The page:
MINUSTAH Peacekeepers Distribute School Supplies to Children
The UN currently directs and supports fifteen peacekeeping operations in different parts of the world, comprising over 90,000 troops, police, military observers and civilian personnel. “Traditional” peacekeeping missions, for instance where the UN has monitored a ceasefire between two states, are now the exception. A typical peacekeeping mission is likely to be mandated to maintain a fragile peace within a country, help establish security, and protect civilians from ongoing armed conflict, monitor incidents and work with a transitional government and the international community to train police, restore justice and the rule of law, carry out disarmament, demobilisation and reintegration (DDR) programmes, monitor human rights and initiate elections.
UN peacekeeping missions are mandated by the Security Council and established and sustained by the Department of Peacekeeping Operations (DPKO) and Department of Field Support (DFS), in partnership with many other actors within and outside the UN system. In recent years, the UN has often partnered regional organisations such as the African Union or European Union at various stages over the life of a peacekeeping mission, in order to exploit their complimentary capacities. In addition to the DPKO/DFS-led peacekeeping missions, the UN also deploys personnel to peacebuilding and political missions in other parts of the world. The UK works closely with DPKO, DFS and other UN partners on policy and operational peacekeeping issues. We contribute troops, police, and financial resources to UN peacekeeping operations. Follow the link for UK Personnel contributions and current UN peacekeeping operations.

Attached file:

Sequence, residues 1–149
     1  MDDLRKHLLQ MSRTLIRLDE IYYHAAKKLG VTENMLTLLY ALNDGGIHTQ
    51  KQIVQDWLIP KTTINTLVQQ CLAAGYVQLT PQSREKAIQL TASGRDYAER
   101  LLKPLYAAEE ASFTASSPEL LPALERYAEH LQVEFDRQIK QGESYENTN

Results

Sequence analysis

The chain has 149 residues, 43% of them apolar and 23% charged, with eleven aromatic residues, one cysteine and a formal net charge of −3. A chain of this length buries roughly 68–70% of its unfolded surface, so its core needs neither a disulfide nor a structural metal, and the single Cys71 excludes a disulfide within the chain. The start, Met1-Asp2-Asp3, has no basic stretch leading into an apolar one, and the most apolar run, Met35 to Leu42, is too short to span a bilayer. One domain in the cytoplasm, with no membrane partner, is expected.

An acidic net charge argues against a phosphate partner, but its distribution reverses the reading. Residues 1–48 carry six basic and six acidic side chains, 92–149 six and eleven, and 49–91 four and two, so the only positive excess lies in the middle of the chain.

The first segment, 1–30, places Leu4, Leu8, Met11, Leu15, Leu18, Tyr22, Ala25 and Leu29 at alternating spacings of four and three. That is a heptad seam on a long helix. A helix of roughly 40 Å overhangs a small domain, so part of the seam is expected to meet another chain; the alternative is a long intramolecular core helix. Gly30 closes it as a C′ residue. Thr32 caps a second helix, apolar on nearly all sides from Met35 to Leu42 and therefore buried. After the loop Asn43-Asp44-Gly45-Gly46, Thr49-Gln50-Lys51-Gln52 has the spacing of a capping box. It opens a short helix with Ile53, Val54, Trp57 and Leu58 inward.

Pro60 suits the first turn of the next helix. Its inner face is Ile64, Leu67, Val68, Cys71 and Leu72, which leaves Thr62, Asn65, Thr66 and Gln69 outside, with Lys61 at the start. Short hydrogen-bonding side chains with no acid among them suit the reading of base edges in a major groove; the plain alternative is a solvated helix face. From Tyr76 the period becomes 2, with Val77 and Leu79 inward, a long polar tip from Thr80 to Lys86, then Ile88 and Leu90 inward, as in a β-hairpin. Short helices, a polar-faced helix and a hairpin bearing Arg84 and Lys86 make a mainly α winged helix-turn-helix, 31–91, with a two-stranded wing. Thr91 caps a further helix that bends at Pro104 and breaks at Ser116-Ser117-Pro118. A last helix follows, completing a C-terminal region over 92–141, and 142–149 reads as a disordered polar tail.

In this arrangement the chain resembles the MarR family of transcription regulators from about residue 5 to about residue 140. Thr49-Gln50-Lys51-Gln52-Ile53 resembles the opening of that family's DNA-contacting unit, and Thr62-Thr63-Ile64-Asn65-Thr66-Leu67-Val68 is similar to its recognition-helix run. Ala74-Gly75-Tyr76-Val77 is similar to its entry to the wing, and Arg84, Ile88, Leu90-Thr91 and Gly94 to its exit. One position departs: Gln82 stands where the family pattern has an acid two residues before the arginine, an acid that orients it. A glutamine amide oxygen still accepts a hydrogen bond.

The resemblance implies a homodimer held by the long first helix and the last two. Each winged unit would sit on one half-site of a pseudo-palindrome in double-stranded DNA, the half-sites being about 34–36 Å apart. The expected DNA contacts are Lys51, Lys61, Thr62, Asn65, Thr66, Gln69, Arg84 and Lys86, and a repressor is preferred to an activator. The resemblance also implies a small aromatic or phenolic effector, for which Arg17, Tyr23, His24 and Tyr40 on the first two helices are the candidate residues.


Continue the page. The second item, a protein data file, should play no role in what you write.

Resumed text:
The UN’s capacity to implement peacekeeping operations has been a central strand of its work to maintain international peace and security since 1948. Since 2000, UN peacekeeping has undergone significant reform, set out in the Brahimi Panel Report (2000) (pdf 244kb), the Peacekeeping 2010 agenda (pdf 401kb) and, most recently, the UN published 'A New Partnership Agenda: Charting a New Horizon for UN Peacekeeping. During the 2010 session of the Special Committee on Peacekeeping (C34), member states set out a strong and positive set of recommendations for the future, as their contribution to the peacekeeping partnership.
As a contribution to strengthening UN Peacekeeping, the UK and France launched an initiative in January 2009 to improve the way in which the UN Security Council mandates and reviews increasingly complex and diverse UN peacekeeping operations. Among other elements it includes enhancing coordination with countries that contribute civilians, police, and troops to UN peacekeeping operations, to ensure that their experience and concerns are more fully taken onboard. The UK revisited this work during our Presidency of the Security Council in August 2009, and delivered a statement during the High Level Summit on Peacekeeping, Peacebuilding and Conflict Prevention during the Turkish Presidency in September 2010.
See a video about UN Peacekeepers on Youtube.